When driving down Augusta’s busiest road, motorists will often pass the ruins of an important historical monument. The vacant building is still in good condition, and the blue awning that stretches the length of its facade still glows in the night. Though no signage remains, the shape of a giant torn movie ticket tells travelers that this building bears the same significance as the Roman Colosseum or the Pyramids of Giza. They’re driving past an abandoned Blockbuster Video.
I pity the people that never knew the unbridled joy of choosing a movie from Blockbuster’s seemingly endless shelves. Thanks to Blockbuster, boring Friday nights were easily remedied by a short trip in mom’s Honda Odyssey. Once I got my hands on a Playstation 2, I learned that I could even rent video games from Blockbuster and avoid the steep $60 price tag for games I wasn’t completely sold on. Blockbuster Video was a cultural staple of the early 2000’s, and even earlier I’d imagine.
Before my neighborhood rental place became the historical site that it is today, Blockbuster CEO John Antioco made one of the biggest gaffes in business history. Antioco was given the chance to purchase Netflix for $50 million dollars in 2000, back when Netflix was mailing DVDs. Blockbuster turned down the deal. I’m sure you can figure out the rest — hint: nobody has ever asked Suzie in Cloudman to come Blockbuster and chill.
Today, Netflix has a market cap of over $150 billion. It helped usher in digital streaming technology, which has largely overtaken physical media as our viewing platform of choice. Rather than pay for each individual movie or TV show, we can pay a flat monthly rate to watch whatever we want, whenever we want. And if Netflix doesn’t have what we want, we can still rent digital copies from services like Amazon, Apple or YouTube.
Then Hulu threw its hat in the ring. And Amazon. And YouTube. And Facebook, for some reason. Disney is considering its own streaming service. Warner Media just announced its own streaming service. It’s no surprise that companies would want to ride the coattails of Netflix’s success, but it’s important to look at how that affects consumers.
For the sake of this example, let’s assume each service charges a flat monthly rate of $10. Three years ago, most people were satisfied with using Netflix as their sole streaming platform. But with Hulu jumping in and providing a different set of content — some that was taken off of Netflix, like It’s Always Sunny in Philadelphia — many people chose to double up. That’s $20 a month. Then Amazon came along, and although a Prime subscription gives you several benefits outside of streaming, it is further stratifying the content that’s available. Now we are at $30 a month. Did you like being able to watch Thor: Ragnarok and Infinity War on Netflix? Well prepare to start dishing out $40 a month, because Disney — who owns Marvel, Fox and several other major content producers — will almost certainly follow suit and create its own service, removing its content from sites like Netflix in the process.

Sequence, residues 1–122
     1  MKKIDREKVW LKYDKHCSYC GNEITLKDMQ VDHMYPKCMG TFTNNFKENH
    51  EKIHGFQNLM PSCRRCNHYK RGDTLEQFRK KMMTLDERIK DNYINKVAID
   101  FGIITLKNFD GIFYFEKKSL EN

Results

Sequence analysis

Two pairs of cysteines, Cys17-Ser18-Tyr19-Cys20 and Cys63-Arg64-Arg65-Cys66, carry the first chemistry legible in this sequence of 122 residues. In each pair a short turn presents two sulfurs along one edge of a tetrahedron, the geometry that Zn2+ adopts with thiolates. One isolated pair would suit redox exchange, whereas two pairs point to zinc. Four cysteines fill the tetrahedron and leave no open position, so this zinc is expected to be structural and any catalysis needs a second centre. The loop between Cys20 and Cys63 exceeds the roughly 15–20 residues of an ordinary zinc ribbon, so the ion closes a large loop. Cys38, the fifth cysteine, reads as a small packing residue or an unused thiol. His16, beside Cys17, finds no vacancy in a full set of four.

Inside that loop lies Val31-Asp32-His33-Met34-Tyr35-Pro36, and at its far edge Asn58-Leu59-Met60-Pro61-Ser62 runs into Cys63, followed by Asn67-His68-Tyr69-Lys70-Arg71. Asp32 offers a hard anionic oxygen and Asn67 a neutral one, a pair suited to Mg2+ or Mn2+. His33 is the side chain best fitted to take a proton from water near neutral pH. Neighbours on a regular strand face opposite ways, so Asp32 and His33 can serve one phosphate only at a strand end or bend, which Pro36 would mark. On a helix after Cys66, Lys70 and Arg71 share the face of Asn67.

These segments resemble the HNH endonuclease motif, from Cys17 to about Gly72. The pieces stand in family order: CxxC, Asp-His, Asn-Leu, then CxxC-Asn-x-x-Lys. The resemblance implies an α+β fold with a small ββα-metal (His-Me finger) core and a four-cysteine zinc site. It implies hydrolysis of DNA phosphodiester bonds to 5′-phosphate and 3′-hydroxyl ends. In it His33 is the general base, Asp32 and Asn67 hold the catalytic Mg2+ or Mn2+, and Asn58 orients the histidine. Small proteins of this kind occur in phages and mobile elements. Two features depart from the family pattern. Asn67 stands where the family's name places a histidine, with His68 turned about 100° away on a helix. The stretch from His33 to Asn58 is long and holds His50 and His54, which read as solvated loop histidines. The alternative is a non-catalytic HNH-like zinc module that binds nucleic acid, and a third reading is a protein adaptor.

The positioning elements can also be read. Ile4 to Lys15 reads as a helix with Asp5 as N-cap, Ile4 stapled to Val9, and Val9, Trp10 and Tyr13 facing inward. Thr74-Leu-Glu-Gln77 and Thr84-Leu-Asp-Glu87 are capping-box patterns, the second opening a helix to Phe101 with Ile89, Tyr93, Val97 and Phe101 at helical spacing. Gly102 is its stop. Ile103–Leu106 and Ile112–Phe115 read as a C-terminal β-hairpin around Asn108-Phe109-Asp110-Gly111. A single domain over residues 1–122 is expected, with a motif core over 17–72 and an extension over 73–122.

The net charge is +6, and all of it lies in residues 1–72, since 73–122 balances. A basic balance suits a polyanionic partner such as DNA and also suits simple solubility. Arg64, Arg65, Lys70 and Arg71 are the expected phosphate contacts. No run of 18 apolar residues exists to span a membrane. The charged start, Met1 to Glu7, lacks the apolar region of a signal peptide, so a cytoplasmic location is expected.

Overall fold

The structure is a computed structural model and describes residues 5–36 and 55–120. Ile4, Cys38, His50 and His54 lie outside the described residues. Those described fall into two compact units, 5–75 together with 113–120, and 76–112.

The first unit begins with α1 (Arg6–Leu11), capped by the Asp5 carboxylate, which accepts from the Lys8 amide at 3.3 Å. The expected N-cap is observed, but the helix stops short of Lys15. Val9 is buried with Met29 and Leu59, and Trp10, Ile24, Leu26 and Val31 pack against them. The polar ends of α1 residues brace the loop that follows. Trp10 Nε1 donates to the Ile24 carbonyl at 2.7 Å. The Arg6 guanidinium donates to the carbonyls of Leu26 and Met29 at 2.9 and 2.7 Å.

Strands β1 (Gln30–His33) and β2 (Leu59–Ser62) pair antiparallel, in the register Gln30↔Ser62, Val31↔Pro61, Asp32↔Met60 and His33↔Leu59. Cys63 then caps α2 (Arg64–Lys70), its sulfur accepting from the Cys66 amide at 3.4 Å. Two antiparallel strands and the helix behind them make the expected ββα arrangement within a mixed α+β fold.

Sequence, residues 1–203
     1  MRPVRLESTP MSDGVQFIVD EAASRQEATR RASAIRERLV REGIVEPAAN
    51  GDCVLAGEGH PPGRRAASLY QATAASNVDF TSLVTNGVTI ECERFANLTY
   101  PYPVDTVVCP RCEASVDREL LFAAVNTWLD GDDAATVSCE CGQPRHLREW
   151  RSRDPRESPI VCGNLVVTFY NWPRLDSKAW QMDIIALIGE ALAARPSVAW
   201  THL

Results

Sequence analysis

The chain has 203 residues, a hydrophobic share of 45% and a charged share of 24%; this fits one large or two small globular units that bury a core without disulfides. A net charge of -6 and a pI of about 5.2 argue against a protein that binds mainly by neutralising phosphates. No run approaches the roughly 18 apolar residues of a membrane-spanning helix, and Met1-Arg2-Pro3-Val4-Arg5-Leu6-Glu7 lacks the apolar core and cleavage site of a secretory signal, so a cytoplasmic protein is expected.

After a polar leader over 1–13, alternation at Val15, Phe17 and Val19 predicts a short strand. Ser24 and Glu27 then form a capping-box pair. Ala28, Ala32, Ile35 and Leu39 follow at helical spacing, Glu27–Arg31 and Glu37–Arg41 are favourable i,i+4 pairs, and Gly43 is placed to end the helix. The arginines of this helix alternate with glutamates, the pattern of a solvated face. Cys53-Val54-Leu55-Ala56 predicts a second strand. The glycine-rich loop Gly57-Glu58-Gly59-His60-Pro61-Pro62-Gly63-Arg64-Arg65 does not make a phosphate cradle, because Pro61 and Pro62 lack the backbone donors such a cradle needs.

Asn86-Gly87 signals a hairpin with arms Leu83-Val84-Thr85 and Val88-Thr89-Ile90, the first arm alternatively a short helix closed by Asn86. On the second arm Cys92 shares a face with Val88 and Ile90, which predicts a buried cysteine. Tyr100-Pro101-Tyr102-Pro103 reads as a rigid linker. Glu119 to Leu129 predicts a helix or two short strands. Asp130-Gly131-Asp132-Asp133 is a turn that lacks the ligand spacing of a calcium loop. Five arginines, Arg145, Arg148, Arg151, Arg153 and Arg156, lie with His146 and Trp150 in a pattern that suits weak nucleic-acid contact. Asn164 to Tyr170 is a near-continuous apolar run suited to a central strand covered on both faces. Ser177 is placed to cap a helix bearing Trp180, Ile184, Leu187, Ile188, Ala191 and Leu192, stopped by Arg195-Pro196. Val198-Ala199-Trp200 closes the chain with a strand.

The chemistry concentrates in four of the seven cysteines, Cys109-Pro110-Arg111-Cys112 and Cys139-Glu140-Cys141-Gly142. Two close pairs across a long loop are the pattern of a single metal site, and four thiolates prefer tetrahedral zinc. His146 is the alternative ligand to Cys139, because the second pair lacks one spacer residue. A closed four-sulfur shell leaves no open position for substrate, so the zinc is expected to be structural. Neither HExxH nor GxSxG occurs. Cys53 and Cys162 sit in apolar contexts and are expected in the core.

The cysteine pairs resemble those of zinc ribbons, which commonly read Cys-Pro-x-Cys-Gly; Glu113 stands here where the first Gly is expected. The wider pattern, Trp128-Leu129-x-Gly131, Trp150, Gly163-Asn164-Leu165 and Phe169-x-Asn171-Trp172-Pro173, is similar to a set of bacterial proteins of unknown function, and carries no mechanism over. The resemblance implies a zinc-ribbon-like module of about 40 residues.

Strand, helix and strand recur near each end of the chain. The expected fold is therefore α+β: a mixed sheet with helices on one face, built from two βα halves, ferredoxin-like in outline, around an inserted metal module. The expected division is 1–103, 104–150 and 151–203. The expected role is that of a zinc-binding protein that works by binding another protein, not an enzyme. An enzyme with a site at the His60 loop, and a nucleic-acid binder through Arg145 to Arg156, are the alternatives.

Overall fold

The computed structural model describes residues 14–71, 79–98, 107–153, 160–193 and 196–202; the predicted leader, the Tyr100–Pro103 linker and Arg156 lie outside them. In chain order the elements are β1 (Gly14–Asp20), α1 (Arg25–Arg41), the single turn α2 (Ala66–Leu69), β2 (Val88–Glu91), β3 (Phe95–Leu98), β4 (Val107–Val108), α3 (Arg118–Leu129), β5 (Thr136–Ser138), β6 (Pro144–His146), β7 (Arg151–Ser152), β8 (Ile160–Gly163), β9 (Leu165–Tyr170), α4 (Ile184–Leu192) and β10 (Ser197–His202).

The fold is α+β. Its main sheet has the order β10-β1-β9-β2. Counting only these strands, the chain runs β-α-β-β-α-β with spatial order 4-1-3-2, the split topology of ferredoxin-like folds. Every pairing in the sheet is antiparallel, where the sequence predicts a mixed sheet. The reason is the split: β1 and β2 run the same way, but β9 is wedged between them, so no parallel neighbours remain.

Droves of people have decided to cancel their cable subscription for the cheaper, more flexible world of online streaming. An irony of this, however, is that once more and more companies start their own paid streaming services, it will begin looking like a more expensive and convoluted version of a cable subscription, only modular, decentralized and on-demand.
With the increasing saturation of the streaming market, it’s hard to be certain whether or not your favorite content will always be available to you. Sure, Netflix Originals like Bird Box aren’t going anywhere, but outside content could go away at a moment’s notice. Unless you’re willing to dish out $40+ dollars a month on streaming services, chances are you won’t see it again. In the case of TV, this may be a necessary evil; It’s probably too expensive to go out and buy physical versions of your favorite shows.
But with movies, the streaming model may soon become problematic. I shouldn’t need to pay a monthly tithe just to watch movies. With film, consumers are at the mercy of whichever service pays to have the rights. There’s no way to consistently know where you can stream a movie. And once every production and distribution company has its own streaming service to pay for, we will all be in trouble.
I can find a Blu-Ray or DVD copy of virtually any movie I want for less than $10. I’ve made it a habit to splurge on a physical copy of every movie I want to watch as a way of future-proofing against the inevitable streaming bubble bursting. This means I watch less movies — I’m not going to pay for a $5 copy of Hotel Transylvania — but it gives me the peace of mind that my favorite content will always be at my fingertips. If my internet goes down, I can still watch Baby Driver. No matter who Warner Brothers sells the rights to, I can still watch Blade Runner.
My argument is definitely not without flaws, especially when it comes to streaming television. There is also no way to purchase and store anywhere close to the amount of movies available to stream. But my reasoning holds weight: the digital streaming landscape is about to become a battleground, and consumers will ultimately make up the bulk of the casualties. The age of Blockbuster may be gone, but physical media still holds a value that digital streaming will never be able to emulate.